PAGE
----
One horse has been euthanized and another is in isolation after testing positive for EHV-1 on Thursday, June 22, during a Saddlebred and Hackney show being held at the Virginia Horse Center in Lexington. The two infected horses came from the same barn and were attending the Shenandoah Classic Horse Show, according to information from the Equine Disease Communication Center.
“Both horses were immediately moved off the grounds when they first exhibited symptoms,” an EDCC disease alert posted Friday stated. “One horse is receiving medical care and is stable. The other horse was subsequently euthanized.”
Approximately 80 horses who were sharing stabling at showgrounds, and the two infected horses are believed to have been exposed to equine herpesvirus-1, the virus that causes equine herpes myeloencephalopathy. Those horses are prohibited from competition, have been quarantined, and are being monitored twice daily for fever and other clinical signs of EHV-1.
“No other horses at the horse show are considered exposed and the horse show will continue,” the EDCC alert stated. “However, the unexposed horses are having temperatures and clinical signs monitored out of an abundance of caution.”
U.S. Equestrian Federation Equine Health and Biosecurity Veterinarian Dr. Katie Flynn has been in direct communication with all parties regarding the response to the confirmation of EHV-1.
“I applaud the VHC staff, the show veterinarians, competition management and show participants for their prompt response and collaborative efforts to immediately implement biosecurity measures to protect the health of all equines on the premises,” Flynn said.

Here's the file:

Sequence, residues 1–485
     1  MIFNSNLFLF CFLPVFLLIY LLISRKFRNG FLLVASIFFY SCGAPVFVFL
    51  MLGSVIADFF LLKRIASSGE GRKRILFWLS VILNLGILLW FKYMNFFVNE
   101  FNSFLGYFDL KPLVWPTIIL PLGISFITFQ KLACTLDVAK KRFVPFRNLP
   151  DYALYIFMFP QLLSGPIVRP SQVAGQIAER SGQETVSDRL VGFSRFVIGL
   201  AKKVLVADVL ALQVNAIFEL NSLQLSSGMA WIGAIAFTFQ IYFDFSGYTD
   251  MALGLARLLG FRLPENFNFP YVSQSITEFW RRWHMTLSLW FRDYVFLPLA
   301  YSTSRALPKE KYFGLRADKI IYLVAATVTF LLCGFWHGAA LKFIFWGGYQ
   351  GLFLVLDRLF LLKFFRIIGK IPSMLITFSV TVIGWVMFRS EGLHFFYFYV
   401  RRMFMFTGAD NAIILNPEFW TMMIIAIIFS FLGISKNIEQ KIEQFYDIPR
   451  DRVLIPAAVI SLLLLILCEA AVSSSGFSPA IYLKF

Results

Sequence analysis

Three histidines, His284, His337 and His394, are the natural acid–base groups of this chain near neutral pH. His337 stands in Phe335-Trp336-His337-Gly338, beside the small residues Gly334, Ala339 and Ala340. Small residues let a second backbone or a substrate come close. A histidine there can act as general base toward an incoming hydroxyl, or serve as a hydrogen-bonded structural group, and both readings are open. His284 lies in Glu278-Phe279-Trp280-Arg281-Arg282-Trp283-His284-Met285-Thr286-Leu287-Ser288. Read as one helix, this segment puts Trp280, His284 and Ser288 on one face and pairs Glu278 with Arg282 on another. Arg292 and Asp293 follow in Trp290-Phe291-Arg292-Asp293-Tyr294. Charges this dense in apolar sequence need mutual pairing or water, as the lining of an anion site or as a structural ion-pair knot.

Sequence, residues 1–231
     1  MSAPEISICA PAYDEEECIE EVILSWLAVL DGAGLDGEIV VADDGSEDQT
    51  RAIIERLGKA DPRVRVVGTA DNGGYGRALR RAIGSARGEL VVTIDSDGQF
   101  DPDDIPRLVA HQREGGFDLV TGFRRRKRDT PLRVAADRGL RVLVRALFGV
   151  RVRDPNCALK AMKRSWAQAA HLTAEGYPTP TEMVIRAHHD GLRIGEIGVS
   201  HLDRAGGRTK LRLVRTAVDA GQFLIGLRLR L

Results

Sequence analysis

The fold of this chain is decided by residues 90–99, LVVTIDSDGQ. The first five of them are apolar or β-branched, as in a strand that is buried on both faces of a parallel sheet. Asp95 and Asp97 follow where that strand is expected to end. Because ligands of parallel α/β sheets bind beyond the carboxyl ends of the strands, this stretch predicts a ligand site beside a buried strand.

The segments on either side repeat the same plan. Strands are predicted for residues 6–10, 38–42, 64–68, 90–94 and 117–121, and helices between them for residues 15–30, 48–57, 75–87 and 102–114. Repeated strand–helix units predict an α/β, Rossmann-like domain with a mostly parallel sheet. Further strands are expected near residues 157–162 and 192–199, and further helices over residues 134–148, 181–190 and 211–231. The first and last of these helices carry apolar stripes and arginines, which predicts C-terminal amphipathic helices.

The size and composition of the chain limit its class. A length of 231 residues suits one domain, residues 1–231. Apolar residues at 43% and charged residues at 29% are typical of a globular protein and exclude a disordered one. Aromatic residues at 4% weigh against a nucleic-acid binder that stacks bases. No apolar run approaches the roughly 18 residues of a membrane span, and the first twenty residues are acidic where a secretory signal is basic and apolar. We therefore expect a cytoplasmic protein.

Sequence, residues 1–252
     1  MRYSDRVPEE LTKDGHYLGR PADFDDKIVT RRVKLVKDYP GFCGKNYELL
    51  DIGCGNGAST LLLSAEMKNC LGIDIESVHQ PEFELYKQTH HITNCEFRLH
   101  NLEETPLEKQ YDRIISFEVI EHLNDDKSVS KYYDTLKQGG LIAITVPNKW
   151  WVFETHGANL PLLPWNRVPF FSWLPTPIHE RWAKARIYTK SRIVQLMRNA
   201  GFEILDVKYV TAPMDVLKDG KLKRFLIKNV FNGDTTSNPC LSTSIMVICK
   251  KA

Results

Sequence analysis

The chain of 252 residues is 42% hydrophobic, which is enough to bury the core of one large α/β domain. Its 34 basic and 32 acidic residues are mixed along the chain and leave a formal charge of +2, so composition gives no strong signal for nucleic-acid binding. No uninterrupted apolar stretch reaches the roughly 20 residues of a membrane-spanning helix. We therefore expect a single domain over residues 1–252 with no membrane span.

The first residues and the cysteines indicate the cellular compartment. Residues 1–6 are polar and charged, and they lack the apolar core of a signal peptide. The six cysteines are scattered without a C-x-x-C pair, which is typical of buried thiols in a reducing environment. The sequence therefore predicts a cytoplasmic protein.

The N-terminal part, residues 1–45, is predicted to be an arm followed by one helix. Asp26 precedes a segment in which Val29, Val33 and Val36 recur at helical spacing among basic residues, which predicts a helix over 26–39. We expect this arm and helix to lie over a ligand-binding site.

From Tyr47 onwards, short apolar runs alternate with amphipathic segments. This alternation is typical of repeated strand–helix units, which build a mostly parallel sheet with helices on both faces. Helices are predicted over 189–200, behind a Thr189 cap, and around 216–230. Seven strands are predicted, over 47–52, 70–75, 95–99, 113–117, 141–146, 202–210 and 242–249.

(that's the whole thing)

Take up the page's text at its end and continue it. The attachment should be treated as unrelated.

In a statement, USEF said it supports the show continuing, but with enhanced biosecurity measures including twice-daily temperature monitoring, “[b]ased on the thorough assessment of the premises by the Virginia State Veterinarian’s office, and the immediate activation of the VHC biosecurity and disease response plan upon confirmation of EHV-1.”
VHC CEO Glenn Petty said the facility was proceeding with expert advice.
“Our thoughts go out to those connected with the affected horses,” VHC CEO Glenn Petty said in a statement. “We are following the guidance of the Virginia State Veterinarian Abby Sage and have been told by the Virginia Department of Agriculture that we have followed strict protocol and have the situation under control.”
EHV-1 transmission can occur when horses inhale infected droplets or ingest contaminated materials. In some cases, it can lead to equine herpes myeloencephalopathy, a sometimes fatal neurological condition. It is not transmissible to humans.
For more information on EHV-1 or for the latest on disease outbreaks visit https://equinediseasecc.org/.